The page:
Readers of these pages will know that for years I have been arguing that the United Kingdom’s energy policy is little more than a collection of words and ideas, rather than a real policy. It has tended to revolve around the generation of electricity, rather than understanding that heat is at least as important as electricity. We tend to worry that the lights will go out, rather than the fire going out. Today there are rumours that energy policy is going to be put on a more rational basis, but I am not too excited about the rumours.
There are some signs that at least some aspects of energy policy will be better addressed than before. There are plans to build new gas fired generating stations, probably in the expectation that shale gas deposits will be exploited. If these are built and coal burning power stations decommissioned it will make a massive saving in greenhouse gas emissions and pollution. That is good news.
Coal may have a place in the energy policy of the future but should only be used when smoke washing and carbon capture technologies are fully developed. Smoke washing, which reduces pollution from coal burning considerably, is a developed but expensive technology. At the moment governments across the world think that the pollution and emissions from coal, which considerably add to the pace of climate change and which damage the health of millions, are a small price to pay for relatively cheap electricity.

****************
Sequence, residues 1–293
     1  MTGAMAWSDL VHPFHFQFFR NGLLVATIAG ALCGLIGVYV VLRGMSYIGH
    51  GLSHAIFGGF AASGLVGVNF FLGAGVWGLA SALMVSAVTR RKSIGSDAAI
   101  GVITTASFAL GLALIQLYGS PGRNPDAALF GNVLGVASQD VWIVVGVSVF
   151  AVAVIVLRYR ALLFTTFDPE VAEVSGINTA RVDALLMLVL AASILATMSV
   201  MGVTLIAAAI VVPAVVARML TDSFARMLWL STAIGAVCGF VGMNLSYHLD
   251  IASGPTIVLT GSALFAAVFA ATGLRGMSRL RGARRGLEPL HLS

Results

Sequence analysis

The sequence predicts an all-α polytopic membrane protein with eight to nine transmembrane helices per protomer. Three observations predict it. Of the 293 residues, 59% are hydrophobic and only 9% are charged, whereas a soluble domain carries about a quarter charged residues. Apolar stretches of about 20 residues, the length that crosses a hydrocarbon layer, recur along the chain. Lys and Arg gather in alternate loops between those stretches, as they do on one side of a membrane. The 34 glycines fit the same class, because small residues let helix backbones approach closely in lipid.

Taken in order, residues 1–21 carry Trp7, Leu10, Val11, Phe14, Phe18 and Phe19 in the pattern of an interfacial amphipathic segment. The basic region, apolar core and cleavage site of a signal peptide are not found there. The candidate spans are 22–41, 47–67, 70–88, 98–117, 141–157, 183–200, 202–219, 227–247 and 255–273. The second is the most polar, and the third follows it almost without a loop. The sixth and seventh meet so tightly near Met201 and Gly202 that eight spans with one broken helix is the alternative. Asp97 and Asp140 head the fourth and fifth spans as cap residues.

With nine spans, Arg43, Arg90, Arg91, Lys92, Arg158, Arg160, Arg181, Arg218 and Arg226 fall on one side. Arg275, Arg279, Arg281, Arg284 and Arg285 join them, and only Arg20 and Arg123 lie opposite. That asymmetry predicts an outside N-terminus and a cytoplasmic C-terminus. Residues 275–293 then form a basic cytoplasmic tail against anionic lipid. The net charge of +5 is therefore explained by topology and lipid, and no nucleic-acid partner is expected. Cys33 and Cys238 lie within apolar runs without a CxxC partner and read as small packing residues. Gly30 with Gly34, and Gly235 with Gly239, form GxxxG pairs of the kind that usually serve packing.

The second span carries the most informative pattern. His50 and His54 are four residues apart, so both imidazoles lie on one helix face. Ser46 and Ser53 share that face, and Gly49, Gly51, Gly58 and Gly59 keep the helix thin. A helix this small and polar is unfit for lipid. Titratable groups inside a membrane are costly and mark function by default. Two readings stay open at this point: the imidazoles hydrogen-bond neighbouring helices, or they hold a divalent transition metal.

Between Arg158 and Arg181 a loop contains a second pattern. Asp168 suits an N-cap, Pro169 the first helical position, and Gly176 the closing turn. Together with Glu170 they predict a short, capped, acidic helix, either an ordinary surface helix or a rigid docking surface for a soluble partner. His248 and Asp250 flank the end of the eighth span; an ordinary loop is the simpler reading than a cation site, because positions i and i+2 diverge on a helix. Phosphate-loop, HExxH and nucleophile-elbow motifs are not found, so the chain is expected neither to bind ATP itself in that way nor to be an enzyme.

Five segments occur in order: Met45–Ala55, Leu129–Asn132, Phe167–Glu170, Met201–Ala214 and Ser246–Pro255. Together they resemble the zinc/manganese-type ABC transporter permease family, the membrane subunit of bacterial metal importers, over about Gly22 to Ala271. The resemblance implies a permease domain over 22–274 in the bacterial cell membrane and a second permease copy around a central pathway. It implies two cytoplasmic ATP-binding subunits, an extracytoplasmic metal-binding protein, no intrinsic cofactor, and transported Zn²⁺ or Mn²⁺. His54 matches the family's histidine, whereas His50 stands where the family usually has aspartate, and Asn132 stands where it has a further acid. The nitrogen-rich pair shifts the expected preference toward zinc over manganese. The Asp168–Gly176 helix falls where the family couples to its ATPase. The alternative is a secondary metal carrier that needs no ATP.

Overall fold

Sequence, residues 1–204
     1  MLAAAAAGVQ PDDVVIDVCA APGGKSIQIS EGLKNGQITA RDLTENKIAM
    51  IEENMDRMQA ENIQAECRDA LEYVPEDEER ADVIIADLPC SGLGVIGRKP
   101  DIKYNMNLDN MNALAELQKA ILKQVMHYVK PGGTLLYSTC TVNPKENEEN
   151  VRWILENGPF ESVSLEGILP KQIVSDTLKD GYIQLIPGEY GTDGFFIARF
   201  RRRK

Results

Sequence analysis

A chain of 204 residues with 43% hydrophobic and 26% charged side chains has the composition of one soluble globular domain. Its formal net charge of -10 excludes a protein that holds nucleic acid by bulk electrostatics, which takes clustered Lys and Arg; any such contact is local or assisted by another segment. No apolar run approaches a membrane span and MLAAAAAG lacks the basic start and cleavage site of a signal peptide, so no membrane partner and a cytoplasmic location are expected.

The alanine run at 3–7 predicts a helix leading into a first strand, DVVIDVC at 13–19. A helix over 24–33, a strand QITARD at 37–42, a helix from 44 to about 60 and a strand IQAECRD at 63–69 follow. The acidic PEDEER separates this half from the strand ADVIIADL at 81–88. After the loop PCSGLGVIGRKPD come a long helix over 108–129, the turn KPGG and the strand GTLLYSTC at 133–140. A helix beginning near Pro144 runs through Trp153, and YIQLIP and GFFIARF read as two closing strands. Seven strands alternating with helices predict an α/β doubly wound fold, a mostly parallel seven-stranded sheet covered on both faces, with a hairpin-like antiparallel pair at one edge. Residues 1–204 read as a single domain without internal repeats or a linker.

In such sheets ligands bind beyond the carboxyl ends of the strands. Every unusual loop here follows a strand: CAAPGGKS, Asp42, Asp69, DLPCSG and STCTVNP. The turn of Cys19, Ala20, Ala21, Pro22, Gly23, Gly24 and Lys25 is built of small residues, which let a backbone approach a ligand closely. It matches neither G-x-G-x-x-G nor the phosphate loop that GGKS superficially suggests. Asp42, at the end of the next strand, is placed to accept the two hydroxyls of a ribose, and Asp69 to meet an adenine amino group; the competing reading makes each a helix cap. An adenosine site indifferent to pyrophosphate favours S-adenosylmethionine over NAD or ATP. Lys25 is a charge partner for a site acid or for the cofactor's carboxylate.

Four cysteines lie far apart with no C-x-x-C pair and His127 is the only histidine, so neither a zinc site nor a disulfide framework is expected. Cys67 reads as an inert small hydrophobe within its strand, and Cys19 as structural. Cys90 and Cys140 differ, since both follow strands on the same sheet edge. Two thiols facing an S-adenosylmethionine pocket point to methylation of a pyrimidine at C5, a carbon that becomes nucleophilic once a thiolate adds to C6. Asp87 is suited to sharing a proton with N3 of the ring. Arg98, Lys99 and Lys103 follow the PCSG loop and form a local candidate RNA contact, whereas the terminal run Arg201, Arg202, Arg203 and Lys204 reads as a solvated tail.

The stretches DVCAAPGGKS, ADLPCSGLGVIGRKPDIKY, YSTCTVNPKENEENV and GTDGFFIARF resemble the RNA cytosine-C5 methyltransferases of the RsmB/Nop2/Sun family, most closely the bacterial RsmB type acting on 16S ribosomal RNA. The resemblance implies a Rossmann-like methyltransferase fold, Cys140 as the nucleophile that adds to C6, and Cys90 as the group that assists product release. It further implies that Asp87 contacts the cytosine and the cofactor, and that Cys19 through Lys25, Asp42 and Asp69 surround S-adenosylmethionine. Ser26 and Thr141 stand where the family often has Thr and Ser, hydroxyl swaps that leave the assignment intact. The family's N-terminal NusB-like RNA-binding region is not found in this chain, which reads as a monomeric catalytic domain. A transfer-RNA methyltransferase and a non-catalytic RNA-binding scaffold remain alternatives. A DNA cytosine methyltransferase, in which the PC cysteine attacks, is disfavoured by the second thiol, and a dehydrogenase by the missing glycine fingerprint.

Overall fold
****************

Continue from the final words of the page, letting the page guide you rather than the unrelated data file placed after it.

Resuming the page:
Carbon capture and storage is a consummation devoutly to be wished, and no more than that. Taken together they may end up not even reducing pollution and emissions at all, because present the effect of using these devices will almost certainly mean that more coal is need to generate power than simply burning in a relatively uncontrolled way; what we gain on the swings we will lose on the roundabouts.
DEF, which operates Hunterson B nuclear power station in Ayrshire, has announced that it will extend the life of the power station, which was due to be closed in 2011, until 2023. The power station is an important source of energy for Scotland, and although this does not herald a new nuclear dawn, it is probably the way that many nuclear power stations will go, by extending the life of technology that was new in the mid 1970s but today is rather old fashioned.
Nevertheless needs must when the devil drives, and the devil driving this particular vehicle is the almost indiscriminate consumption of energy that we have now. In the 1970s energy bills were high but consumption was much lower, with fewer homes having central heating and much less demand on electricity usage.
Our progress has taken us to a place where we have become addicted to energy, and like all addictions it is a dangerous state of mind.
Filed under: carbon emissions, climate change, energy, global warming Tagged: | climate, coal fired power stations, energy policy, environment, gas, generation of electricity, greenhouse gas emissions, Hunterston B, nuclear energy, nuclear power station, shale gas